Clear Lake Chapter

Chapter Meeting: How Can I Tame a Water-thirsty Yard? Getting Started on Xeriscape

January 8, 2024

Deedy Wright discusses what “xeriscape” means and its seven basic principles. In this presentation, she shows an actual transition from a “contractor” landscape to a xeriscape and gives landscape examples of what ideas such as a “No Grass Front Yard,” a “Repurposed Fountain” or a “Mixed Hedge” can look like. In last section of her talk, Deedy suggests some ecoregion-appropriate plants that can be used to create a xeriscape.

Note: Go to to download the handouts that accompany this presentation. (You do not need to log in to view and download the files.)

About the Speaker

Deedy Wright is a life-long Texas gardener. Her particular interests are native plants, xeriscape, and invasive plants. She has been an active member of the Native Plant Society since 1996 when she joined the San Antonio chapter. In 2007, she organized the Guadalupe chapter, and in 2019, the New Braunfels chapter; subsequently, Deedy served as president of both the Guadalupe and New Braunfels chapters. She has also served for four years as the Vice-President of Education on the state NPSOT board. Until recently she chaired the state committee on invasive plants.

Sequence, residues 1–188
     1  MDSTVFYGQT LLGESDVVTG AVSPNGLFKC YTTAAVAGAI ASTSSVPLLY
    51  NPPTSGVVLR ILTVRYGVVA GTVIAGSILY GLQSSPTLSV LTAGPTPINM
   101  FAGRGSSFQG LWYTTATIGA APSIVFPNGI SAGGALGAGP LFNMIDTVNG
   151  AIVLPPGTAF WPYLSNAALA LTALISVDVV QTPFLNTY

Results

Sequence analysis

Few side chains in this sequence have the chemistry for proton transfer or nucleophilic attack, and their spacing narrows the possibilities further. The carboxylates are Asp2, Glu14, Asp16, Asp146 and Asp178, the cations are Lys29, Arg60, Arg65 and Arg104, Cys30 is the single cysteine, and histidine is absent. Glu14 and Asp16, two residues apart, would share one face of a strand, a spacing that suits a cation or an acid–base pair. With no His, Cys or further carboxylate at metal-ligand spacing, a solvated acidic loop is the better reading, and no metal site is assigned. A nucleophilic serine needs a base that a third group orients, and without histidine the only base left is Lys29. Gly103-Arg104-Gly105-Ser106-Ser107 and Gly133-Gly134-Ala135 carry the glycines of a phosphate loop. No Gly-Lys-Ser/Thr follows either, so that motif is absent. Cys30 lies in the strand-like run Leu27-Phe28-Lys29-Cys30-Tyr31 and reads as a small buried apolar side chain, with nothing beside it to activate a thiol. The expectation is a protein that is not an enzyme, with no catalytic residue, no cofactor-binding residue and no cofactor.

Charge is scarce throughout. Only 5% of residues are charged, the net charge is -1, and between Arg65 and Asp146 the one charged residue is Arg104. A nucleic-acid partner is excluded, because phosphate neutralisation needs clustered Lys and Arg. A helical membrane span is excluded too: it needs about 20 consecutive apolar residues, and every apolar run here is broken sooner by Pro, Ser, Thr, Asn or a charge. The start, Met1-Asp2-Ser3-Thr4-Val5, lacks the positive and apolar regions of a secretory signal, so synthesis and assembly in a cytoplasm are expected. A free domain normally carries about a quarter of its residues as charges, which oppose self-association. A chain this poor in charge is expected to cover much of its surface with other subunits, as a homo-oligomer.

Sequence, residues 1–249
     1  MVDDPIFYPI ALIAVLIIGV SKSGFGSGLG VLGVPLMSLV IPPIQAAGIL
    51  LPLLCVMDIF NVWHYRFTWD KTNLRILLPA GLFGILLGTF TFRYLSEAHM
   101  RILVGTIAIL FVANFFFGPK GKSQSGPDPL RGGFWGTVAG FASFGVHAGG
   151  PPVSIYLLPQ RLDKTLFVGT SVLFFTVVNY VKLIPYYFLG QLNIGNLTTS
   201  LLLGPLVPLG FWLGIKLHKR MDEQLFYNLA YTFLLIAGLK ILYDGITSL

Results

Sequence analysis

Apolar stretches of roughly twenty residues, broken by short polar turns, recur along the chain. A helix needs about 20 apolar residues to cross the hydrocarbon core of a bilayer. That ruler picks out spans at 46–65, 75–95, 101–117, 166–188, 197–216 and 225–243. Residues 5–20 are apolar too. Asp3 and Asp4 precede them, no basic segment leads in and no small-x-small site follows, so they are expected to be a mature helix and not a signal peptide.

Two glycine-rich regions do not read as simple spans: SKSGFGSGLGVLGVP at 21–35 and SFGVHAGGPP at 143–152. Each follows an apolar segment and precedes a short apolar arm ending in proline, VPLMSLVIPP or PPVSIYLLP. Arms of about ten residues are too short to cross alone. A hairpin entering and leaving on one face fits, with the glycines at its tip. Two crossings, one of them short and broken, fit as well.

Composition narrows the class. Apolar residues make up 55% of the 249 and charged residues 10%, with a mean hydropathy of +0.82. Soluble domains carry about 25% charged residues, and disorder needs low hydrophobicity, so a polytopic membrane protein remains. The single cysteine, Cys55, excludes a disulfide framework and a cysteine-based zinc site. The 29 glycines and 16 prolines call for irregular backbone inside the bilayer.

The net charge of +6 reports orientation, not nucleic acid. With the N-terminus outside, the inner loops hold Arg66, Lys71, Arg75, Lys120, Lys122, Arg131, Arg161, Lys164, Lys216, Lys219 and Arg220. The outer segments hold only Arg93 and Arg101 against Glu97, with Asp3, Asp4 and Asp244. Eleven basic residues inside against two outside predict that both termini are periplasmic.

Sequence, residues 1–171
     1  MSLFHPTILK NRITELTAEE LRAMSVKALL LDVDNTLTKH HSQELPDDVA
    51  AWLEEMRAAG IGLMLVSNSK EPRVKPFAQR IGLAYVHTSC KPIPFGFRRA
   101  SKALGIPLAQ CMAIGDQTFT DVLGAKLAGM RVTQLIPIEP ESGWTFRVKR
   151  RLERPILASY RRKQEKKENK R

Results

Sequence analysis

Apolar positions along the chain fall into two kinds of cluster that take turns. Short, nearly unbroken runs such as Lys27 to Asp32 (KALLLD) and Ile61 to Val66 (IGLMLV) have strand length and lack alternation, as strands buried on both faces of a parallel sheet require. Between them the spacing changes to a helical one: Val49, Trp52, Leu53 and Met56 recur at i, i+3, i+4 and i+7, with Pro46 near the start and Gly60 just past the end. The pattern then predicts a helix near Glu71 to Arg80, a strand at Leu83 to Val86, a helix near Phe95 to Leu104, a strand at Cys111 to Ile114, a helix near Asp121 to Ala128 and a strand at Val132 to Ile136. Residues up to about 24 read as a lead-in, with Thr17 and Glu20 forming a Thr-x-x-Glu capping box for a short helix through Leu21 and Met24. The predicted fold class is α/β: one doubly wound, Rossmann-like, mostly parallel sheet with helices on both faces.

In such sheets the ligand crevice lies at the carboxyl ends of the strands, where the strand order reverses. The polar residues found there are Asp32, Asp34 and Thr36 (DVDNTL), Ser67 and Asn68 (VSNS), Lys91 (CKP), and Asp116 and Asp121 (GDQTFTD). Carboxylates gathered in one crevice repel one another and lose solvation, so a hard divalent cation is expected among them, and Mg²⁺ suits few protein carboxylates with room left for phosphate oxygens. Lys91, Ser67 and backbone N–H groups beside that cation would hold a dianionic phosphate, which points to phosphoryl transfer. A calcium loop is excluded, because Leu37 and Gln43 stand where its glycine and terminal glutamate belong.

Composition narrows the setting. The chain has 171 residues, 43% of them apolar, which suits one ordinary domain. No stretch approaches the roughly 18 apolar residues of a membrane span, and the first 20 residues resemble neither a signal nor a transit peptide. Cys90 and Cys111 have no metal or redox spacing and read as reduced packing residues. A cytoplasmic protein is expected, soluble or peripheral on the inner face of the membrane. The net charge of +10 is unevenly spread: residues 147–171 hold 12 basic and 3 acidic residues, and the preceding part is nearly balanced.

Deedy has completed the Texas Invaders training on invasive plants and multiple native plant courses at the Lady Bird Johnson Wildflower Center. She served on the Native Landscape Certification Program (NLCP) Steering Committee for six years, and is also an NLCP instructor, completing Levels 1-3 and serving on the sub-committee to write Level 4. In addition, she was a certified Master Gardener for 15 years in Bexar and Guadalupe counties, with specialist training in propagation and vegetable gardening.

A retired secondary language arts and social studies teacher, Deedy has taught and continues to teach adult continuing education classes on various native plant topics in the San Antonio/New Braunfels area. She has converted the typical contractor landscapes to xeriscapes using native plants in the last three homes where she’s lived. She has dirt under her fingernails!

Hosted by the Environmental Institute of Houston, University of Houston-Clear Lake.

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